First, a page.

Column: School boards making do with less

When I was on the Cariboo Chilcotin School Board, trustees had some control over what was happening in the schools.

Forty-some years ago when I represented the citizens of Williams Lake on the Cariboo Chilcotin School Board, trustees had some control over what was happening in the schools.

Money didn’t grow on trees, but there was enough to do what was needed with some left over for innovative programs. It seems now it’s all about trying to make do with not enough money.

While I have assorted descendants in local schools, for once in ages I don’t have a student living with me, so I wasn’t paying much attention until a Vancouver Sun story caught my eye.

It said while school boards are grappling with cash shortfalls, Education Minister Peter Fassbender is demanding additional “administrative savings.” He will have a special advisor review the Vancouver School Board’s budget to make sure it’s done right.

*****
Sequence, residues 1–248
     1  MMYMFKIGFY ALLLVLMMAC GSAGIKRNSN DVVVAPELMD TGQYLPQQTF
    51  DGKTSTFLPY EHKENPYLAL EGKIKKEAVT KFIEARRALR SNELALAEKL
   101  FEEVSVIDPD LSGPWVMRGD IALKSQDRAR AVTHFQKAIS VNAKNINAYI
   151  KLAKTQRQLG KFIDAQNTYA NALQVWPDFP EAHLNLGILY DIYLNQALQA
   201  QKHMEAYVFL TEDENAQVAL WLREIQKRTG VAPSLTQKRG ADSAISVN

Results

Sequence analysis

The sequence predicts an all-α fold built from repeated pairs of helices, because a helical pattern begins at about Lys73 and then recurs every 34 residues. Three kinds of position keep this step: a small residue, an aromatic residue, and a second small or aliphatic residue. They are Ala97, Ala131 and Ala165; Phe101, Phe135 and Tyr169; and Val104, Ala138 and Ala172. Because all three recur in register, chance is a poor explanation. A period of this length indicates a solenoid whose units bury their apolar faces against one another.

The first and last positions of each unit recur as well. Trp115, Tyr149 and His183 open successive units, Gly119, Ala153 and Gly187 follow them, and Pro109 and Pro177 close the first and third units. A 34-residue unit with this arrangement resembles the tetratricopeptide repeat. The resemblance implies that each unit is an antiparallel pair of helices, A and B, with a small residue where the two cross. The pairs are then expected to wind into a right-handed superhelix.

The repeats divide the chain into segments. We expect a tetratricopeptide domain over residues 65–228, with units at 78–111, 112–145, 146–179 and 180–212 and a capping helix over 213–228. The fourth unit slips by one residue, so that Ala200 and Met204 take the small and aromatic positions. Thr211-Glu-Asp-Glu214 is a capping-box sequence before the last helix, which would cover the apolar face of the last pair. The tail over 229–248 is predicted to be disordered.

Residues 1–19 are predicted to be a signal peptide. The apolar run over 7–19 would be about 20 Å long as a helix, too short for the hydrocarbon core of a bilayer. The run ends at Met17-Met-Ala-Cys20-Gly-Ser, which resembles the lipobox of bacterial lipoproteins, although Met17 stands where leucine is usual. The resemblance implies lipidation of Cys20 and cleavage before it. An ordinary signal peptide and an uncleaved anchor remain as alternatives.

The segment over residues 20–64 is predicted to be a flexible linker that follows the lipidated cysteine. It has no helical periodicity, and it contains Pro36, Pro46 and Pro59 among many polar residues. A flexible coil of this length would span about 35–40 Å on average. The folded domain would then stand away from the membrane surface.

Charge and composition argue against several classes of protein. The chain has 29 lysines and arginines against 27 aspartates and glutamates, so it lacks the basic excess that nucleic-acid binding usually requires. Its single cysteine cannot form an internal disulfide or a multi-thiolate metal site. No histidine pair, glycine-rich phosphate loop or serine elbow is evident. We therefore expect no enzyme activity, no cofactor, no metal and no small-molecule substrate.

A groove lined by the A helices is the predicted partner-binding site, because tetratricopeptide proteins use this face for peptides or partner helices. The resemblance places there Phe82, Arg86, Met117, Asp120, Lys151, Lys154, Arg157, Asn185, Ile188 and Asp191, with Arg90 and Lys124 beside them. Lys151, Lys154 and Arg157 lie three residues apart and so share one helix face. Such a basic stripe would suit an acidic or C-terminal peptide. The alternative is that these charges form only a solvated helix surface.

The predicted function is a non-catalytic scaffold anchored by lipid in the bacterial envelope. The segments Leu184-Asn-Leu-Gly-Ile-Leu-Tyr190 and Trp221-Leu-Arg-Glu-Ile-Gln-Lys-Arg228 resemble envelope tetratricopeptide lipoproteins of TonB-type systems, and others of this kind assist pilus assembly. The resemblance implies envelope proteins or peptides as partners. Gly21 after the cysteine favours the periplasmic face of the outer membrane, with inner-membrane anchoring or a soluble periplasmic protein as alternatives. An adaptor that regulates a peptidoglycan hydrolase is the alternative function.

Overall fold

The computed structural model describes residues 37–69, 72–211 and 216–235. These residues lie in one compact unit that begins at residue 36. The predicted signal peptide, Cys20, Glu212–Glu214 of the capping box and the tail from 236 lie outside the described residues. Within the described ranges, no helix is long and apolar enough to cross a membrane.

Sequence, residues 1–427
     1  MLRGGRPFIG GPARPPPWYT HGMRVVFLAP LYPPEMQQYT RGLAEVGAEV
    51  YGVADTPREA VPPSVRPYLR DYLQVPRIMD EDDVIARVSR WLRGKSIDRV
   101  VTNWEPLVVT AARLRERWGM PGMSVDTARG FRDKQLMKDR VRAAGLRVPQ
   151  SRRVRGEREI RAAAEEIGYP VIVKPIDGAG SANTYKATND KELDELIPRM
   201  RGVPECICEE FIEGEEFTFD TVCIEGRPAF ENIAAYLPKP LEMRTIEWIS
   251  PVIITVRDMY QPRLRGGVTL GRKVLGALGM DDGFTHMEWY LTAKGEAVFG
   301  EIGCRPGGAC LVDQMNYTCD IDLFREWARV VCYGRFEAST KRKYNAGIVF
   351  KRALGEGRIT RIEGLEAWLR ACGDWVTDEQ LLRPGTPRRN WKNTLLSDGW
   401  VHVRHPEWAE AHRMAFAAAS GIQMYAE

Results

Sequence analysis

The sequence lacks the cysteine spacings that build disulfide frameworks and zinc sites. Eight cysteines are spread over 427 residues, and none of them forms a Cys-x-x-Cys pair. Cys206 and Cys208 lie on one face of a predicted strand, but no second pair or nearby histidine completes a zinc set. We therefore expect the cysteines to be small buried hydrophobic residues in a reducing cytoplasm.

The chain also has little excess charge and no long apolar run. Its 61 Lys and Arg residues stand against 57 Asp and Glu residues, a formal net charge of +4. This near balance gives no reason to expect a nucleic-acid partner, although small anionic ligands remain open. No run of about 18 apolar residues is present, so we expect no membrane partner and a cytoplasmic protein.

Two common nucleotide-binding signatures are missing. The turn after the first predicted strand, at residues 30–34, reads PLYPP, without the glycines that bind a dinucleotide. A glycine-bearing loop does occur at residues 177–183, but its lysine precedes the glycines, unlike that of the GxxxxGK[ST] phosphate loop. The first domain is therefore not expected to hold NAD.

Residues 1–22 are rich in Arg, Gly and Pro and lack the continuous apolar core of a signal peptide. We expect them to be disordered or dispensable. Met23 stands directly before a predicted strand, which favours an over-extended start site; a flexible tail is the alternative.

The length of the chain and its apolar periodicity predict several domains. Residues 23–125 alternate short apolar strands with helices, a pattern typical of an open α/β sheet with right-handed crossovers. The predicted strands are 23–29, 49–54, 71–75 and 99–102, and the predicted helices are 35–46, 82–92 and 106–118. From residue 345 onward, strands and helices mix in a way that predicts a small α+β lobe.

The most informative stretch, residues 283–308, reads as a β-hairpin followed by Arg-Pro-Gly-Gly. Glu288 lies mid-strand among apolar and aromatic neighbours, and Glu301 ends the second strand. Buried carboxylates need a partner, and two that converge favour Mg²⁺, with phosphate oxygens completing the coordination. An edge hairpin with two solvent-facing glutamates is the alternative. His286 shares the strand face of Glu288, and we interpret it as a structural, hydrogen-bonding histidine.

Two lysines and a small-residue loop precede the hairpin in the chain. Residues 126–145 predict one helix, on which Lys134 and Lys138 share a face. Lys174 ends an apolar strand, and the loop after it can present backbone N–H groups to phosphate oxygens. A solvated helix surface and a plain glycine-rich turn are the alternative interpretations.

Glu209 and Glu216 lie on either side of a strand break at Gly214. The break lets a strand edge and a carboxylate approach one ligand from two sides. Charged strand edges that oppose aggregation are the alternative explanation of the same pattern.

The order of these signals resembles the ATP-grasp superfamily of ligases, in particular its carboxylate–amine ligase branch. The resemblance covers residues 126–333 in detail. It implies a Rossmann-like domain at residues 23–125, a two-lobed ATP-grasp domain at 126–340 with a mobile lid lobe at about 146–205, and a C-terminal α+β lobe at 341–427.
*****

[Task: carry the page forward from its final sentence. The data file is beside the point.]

School boards are getting a double whammy. They have to deal with increased costs (IE rising utility rates) with no increase in funding, and what funding they did have is cut back. How can that enhance student learning?

If Mr. Fassbender doesn’t think trustees are doing a good job, why doesn’t he just eliminate school districts and run the system from Victoria? That would save a few dollars.

I’m surprised school trustees aren’t on the warpath.

***

An issue that isn’t getting much media attention is Canada’s Health Accord. The accord, which sets funding and health care service delivery agreements between the federal and provincial and territorial governments, expired last year. The feds don’t seem anxious to renew it but critics see millions of dollars in health care cuts coming up.

Without the accord, access to health care depends on where you live and your ability to pay. Next Tuesday health advocacy groups will launch a Canada-wide protest.

They say without the accord, federal funding will fall to 18 per cent from its original 50 per cent, inequality between provinces will grow, wait times will lengthen and patients will suffer.

Bonne Sante!

Diana French is a freelance columnist for the Tribune. She is a former Tribune editor, retired teacher, historian, and book author.

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